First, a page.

[6] The special case of Mosquito: The installation and use of ‘Mosquito’ devices continues to be unregulated. These devices do not emit ultrasound (as the devices discussed above do), but emit intense sounds at around 15-18 kHz with the specific intention of creating a distress response in young people and thereby discourage them from ‘loitering’ in the vicinity of the device: in the words of the manufacturers, Compound Security Systems Ltd., “So, you're having problems with kids and teens? If you want to reclaim your right to a peaceful existence, buy your Mosquito Anti-Loitering Device now!”. Individual householders and owners of business premises owners can install the devices.

The device operates on the principle that people more than, say, 25 years old will have lost sensitivity to these irritating Very High Frequency (VHF) signals, but ignores:

• The effect on animals, including Guide Dogs;
• The effect on very young children carried near the device by parents;
• The effect on children with pre-existing conditions that make them especially sensitive (autistic spectrum disorder, hyperacusis, Williams syndrome etc.);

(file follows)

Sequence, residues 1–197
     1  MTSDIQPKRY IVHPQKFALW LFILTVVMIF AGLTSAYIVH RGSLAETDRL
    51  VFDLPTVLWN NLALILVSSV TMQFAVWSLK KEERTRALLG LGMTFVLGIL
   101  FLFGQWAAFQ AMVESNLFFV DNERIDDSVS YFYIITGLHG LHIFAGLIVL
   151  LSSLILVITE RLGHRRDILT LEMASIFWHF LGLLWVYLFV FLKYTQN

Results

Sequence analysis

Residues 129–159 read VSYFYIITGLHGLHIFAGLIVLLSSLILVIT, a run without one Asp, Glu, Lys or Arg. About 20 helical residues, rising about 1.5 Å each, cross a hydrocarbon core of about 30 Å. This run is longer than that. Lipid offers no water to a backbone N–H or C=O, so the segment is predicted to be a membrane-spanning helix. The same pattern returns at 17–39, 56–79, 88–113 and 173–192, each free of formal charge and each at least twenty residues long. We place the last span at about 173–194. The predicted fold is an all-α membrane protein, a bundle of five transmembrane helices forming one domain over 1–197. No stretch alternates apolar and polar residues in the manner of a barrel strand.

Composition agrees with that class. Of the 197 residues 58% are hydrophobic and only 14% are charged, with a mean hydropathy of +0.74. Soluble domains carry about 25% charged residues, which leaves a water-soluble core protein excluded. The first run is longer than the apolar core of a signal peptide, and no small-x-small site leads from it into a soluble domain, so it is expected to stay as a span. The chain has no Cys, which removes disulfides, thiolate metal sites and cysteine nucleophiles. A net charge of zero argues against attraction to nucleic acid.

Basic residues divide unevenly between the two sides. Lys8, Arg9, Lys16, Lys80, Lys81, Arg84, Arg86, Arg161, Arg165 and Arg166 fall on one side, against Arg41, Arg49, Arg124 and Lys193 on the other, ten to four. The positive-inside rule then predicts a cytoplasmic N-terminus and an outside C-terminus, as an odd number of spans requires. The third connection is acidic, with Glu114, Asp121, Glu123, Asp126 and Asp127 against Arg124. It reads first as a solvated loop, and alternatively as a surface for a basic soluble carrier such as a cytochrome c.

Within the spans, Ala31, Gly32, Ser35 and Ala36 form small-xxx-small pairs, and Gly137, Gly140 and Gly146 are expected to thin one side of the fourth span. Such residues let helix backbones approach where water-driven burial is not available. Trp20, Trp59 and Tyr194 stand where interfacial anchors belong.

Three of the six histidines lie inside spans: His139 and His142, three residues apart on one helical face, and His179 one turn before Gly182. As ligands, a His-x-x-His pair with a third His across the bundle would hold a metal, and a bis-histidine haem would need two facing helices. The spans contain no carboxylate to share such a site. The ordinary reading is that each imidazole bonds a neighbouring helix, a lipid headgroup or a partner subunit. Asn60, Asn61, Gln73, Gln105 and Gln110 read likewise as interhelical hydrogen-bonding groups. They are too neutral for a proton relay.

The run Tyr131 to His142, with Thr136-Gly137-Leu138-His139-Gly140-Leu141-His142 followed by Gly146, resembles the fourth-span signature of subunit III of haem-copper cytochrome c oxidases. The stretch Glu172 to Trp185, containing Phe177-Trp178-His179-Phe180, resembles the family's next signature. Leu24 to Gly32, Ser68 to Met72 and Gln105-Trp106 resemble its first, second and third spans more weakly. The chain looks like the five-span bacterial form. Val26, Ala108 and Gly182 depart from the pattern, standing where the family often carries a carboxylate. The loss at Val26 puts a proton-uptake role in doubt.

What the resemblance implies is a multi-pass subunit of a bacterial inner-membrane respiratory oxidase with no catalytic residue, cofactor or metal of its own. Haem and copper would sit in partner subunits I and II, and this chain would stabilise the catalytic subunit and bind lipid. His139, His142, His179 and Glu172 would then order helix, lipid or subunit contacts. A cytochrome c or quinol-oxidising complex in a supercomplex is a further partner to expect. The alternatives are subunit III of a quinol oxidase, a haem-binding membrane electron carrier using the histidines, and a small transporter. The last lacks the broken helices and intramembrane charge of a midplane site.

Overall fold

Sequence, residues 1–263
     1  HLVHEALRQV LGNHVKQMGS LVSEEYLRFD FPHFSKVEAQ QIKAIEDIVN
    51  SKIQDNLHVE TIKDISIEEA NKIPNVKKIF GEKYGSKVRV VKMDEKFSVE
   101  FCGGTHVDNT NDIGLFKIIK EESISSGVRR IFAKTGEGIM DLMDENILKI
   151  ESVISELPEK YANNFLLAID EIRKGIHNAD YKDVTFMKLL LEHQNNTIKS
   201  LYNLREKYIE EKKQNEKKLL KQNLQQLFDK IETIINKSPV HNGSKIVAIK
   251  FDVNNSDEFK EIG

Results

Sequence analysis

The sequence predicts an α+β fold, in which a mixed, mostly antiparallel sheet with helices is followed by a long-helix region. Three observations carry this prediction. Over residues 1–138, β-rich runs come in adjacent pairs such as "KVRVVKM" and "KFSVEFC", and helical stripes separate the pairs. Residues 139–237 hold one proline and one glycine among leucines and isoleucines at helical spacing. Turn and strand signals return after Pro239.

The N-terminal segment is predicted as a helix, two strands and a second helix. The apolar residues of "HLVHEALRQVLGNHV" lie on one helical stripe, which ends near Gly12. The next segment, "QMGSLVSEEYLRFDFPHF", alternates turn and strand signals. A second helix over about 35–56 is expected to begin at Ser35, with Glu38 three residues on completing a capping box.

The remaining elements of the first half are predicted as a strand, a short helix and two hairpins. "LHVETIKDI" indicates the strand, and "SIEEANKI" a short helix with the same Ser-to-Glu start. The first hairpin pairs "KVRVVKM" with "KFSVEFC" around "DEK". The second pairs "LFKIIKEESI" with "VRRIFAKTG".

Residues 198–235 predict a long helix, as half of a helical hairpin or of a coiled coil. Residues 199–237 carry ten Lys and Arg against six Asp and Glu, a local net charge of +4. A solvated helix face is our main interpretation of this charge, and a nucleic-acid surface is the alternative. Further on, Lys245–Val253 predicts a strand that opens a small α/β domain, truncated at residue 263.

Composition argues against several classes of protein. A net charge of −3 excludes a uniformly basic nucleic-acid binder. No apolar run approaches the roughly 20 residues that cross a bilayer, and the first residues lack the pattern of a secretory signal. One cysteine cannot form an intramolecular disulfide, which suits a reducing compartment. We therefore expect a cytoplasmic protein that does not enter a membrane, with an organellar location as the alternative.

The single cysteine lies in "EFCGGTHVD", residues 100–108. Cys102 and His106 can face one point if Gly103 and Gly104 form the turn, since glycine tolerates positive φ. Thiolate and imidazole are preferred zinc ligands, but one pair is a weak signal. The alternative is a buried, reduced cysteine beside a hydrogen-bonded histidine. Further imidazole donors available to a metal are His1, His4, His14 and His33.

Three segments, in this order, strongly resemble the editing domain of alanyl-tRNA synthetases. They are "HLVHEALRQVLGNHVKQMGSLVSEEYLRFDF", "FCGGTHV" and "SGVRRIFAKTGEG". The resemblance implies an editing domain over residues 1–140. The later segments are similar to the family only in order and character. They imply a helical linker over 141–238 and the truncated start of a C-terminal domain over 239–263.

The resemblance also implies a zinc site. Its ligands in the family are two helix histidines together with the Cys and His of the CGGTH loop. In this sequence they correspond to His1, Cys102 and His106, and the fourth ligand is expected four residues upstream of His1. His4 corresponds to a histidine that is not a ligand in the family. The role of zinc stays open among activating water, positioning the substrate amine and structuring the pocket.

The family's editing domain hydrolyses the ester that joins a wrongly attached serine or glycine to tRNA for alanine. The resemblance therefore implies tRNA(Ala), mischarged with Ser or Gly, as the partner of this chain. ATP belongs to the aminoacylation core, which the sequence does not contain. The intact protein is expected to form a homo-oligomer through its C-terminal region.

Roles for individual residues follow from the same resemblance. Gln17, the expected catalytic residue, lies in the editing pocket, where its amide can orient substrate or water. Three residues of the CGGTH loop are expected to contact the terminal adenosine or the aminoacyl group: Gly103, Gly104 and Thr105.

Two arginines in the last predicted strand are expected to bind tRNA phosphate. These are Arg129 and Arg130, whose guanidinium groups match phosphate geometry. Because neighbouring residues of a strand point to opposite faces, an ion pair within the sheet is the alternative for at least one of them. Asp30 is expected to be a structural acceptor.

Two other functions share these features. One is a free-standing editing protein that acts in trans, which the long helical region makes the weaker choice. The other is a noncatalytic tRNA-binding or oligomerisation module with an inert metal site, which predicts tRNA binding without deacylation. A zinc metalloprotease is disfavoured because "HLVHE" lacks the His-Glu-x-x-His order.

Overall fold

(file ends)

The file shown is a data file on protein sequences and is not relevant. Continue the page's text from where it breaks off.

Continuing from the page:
• The health effects of children who cannot avoid long term exposure (e.g. because of their residence, the daily route to school etc.);
• The lack of research to understand the potential effects of VHF and ultrasonic signals on individuals who cannot hear them;
• The fact that the Mosquito fails as a substitute for investment to provide appropriate safe places (e.g. youth clubs) for children to meet, since the device can displace children to more hazardous areas.

[7] The citizen scientist: We are interested to hear your reports (though apologize if there is a delay replying as we are a small volunteer workforce).  If for example you want to search for ultrasound in air on your phone, using a spectral processing app, ensure the phone can acquire the data at sufficiently high frequency (the sample rate must be over 40,000 Hz (preferably over 48,000 Hz), and the Fast Fourier Transform set to the maximum number of samples allowed. If in doubt, set everything to maximum! Detailed instructions are given at the end of this section, in green.